Webinar Recap: Using Tags & Taxonomies To Supercharge Your eCommerce SEO

In this webinar, Colt Sliva, SEO Engineer at iPullRank shared his tags and taxonomy knowledge for enterprise brands in the world of eCommerce. He’ll also show you how to use tags, site structure, and categories to increase your site’s discoverability.

Watch the replay here:

Here’s what we covered in this webinar: 

  • Why eCommerce taxonomy matters [3:47]
  • Levels of eCommerce categorization [4:35]
  • The ontology of eCommerce products [5:57]
  • Why most brands do eCommerce navigation poorly [9:21]
  • Which is better? Faceted navigation or faceted taxonomies [12:45]
  • The web page your product pages should be grouped around [16:47]
  • How many internal links are too many for Google? [19:32]
  • The impact of tags and taxonomy on SEO growth [30:14]
  • Achieving rapid results with tags and taxonomy [32:53]
  • When thin content becomes a problem for SEO [35:01]
  • Pitching tags and taxonomy to the C-suite [35:40]

Why eCommerce taxonomy matters [3:47]

Taxonomy is the starting point for how we think about products, organize them, and link everything together. And so, I want to give you a framework for writing better titles and meta descriptions. You can improve time-on-site, build topical relevance, design better URLs, and help Google’s crawlers find your content with good taxonomy. A well-designed taxonomy can also have a positive impact on enterprise SEO.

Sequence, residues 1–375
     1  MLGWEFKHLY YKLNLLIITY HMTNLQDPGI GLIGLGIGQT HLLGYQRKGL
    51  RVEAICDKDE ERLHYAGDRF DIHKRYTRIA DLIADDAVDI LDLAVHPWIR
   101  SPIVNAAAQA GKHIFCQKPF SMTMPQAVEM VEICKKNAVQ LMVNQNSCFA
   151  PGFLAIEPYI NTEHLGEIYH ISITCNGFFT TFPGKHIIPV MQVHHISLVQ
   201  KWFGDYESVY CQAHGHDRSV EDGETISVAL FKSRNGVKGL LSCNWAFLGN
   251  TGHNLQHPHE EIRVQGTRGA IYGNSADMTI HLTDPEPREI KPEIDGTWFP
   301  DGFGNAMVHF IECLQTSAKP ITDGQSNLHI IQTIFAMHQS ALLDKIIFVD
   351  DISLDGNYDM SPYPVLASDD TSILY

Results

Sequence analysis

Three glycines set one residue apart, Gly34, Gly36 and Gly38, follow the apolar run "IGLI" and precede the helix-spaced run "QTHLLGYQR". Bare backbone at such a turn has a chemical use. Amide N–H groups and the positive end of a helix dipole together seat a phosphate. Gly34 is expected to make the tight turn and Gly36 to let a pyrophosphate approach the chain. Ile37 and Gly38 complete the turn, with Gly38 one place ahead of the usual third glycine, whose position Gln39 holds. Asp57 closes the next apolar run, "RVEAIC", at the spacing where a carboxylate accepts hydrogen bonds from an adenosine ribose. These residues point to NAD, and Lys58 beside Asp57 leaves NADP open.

Levels of eCommerce categorization [4:35]

Naming things is a hard problem. 

There are three levels of categorization if we’re referencing linguistics: the superordinate, the basic, and the subordinate. If you look at the graph below, the superordinate would be like a mammal, and then the basic would be a dog. And then the subordinate would be a specific kind of dog like a terrier.

The ontology of eCommerce products [5:57]

When labeling products, you want to think about what makes them different. That’s the study of ontology, the properties tags, facets, features, and attributes of a product. So again, we’re going to turn the frameworks. If we’re using Santa as our framework, we can map his traits. 

Why most brands do eCommerce navigation poorly [9:21]

Most eCommerce sites end up with some category structure that sends traffic up and down (i.e., breadcrumb navigation). On the other hand, tags aren’t directing people laterally across the site. The assumption in many organizations is if you’re in a specific category (i.e., shoes), you may not want to move laterally (e.g., coats or socks), which, looking at the data, is an inaccurate assumption that’s bad for PageRank. 

Which is better? Faceted navigation or faceted taxonomies? [12:45]

Faceted navigation isn’t as great as we think it is, even though it’s ubiquitous in eCommerce. It creates multiple versions of the same URL; that means duplicate content, diluted link equity, wasted crawl budget, and spider traps. What we need is true taxonomy pages for SEO. Taxonomy is ideal for organic landing pages because usually, the keyword ends up being in the URL, the title, descriptions.

The web page your product pages should be grouped around [16:47]